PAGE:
Detailed summary of civil servant’s report into lockdown-breaching parties in and around Downing Street
- Sue Gray report published – live updates
The full report by the senior civil servant Sue Gray into lockdown-breaking parties in and around Downing Street has been published. This is what it says:
Gray looked into 15 events on 12 dates between May 2020 and April 2021, all of which involved people gathering during Covid lockdowns. Boris Johnson attended eight of these.
Several of the events appeared notably drunken and rowdy. At a leaving do on 18 June 2020 there was karaoke, “excessive alcohol consumption” in which someone was sick and “a minor altercation between two other individuals”, with staff staying beyond 3am. Two leaving events on 14 April 2021, which merged in the No 10 garden, involved drunkenness and people leaving after 4am. At a Christmas party in December 2020 red wine was spilled on a wall and on stationery supplies.
Emails and messages uncovered by Gray found regular planning of socialising, but also some officials trying to warn that the events were a bad idea.
As well as Johnson, a handful of senior officials are named, among them Simon Case, the cabinet secretary, and Martin Reynolds, Johnson’s former principal private secretary.
Reynolds appeared particularly involved in planning events. After one gathering, Reynolds sent a message saying No 10 “seem to have got away with” holding it.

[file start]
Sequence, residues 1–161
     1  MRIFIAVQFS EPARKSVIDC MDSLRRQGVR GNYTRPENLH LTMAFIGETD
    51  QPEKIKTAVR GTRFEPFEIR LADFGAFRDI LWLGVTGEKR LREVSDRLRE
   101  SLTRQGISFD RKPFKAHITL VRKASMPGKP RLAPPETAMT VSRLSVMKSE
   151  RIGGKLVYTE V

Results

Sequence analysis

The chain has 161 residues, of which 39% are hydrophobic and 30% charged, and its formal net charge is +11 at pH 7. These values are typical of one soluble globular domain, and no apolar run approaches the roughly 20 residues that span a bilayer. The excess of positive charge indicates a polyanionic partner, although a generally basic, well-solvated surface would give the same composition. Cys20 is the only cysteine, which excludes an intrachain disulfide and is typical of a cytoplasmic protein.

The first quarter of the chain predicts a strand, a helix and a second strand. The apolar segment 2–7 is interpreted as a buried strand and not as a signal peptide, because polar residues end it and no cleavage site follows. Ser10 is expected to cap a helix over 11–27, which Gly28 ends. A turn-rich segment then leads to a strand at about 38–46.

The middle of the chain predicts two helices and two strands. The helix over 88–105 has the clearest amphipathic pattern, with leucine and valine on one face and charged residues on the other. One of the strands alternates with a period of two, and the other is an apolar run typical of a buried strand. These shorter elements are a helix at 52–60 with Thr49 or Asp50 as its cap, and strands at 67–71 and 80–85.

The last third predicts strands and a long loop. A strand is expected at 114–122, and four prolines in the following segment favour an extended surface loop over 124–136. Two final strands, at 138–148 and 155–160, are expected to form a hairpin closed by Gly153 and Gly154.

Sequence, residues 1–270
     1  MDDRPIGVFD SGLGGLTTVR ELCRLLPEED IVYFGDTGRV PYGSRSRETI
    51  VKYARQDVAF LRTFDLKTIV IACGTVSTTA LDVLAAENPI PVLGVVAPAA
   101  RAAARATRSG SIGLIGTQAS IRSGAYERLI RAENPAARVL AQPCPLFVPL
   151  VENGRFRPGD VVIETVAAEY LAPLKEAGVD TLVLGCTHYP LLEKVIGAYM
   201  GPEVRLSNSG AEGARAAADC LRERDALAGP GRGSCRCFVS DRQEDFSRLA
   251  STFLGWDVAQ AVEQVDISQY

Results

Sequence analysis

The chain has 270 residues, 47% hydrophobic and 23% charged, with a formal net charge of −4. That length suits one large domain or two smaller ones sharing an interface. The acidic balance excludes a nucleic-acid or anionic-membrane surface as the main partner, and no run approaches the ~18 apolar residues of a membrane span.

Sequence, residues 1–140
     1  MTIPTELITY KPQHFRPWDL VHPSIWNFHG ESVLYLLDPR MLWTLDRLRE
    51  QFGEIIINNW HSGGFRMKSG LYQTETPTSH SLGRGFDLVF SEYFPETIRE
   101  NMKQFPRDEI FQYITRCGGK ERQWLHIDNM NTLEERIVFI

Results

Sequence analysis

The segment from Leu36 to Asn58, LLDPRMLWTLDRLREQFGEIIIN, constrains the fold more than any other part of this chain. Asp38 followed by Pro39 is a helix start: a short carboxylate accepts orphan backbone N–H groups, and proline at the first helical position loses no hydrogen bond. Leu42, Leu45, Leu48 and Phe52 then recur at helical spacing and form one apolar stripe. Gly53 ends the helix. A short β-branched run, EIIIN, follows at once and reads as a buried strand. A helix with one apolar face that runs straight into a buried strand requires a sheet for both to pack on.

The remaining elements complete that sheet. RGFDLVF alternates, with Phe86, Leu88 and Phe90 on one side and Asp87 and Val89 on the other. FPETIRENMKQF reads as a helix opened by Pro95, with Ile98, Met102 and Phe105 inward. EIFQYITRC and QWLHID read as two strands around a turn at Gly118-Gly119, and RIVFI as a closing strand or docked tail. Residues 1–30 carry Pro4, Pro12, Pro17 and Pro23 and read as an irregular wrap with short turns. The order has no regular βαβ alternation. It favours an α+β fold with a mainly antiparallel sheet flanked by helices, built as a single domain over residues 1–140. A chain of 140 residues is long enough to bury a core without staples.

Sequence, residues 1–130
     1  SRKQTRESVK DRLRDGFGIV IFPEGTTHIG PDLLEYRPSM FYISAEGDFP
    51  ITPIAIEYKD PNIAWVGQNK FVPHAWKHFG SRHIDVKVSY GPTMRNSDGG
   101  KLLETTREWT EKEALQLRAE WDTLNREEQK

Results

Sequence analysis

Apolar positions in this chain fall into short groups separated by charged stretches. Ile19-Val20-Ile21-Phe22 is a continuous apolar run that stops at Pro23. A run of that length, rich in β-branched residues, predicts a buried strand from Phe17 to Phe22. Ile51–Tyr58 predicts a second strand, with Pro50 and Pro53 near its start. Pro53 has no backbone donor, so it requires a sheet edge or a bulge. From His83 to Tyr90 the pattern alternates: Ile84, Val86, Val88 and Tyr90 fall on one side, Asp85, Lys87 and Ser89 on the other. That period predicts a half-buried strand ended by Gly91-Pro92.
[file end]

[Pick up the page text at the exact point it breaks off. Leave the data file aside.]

The report runs to 60 pages and features eight photos from two events – Johnson’s birthday gathering in June 2020 and a leaving event in November that year.
Gray opted to not investigate claims of a party inside Johnson’s Downing Street flat on 13 November 2020. While Gray confirms this involved food and alcohol, she “concluded it was not appropriate or proportionate” to look into it – a decision likely to be controversial.
Whatever “the initial intent”, many of the gatherings breached Covid rules, and whatever the pressures of the time, this should not have happened.
There were “failures of leadership and judgment in No 10 and the Cabinet Office”. Gray wrote: “The events that I investigated were attended by leaders in government. Many of these events should not have been allowed to happen.”
Security and junior staff were often treated in an “unacceptable” way, Gray found: “I was made aware of multiple examples of a lack of respect and poor treatment of security and cleaning staff.”
Her overall conclusion: “Many will be dismayed that behaviour of this kind took place on this scale at the heart of government. The public have a right to expect the very highest standards of behaviour in such places and clearly what happened fell well short of this.”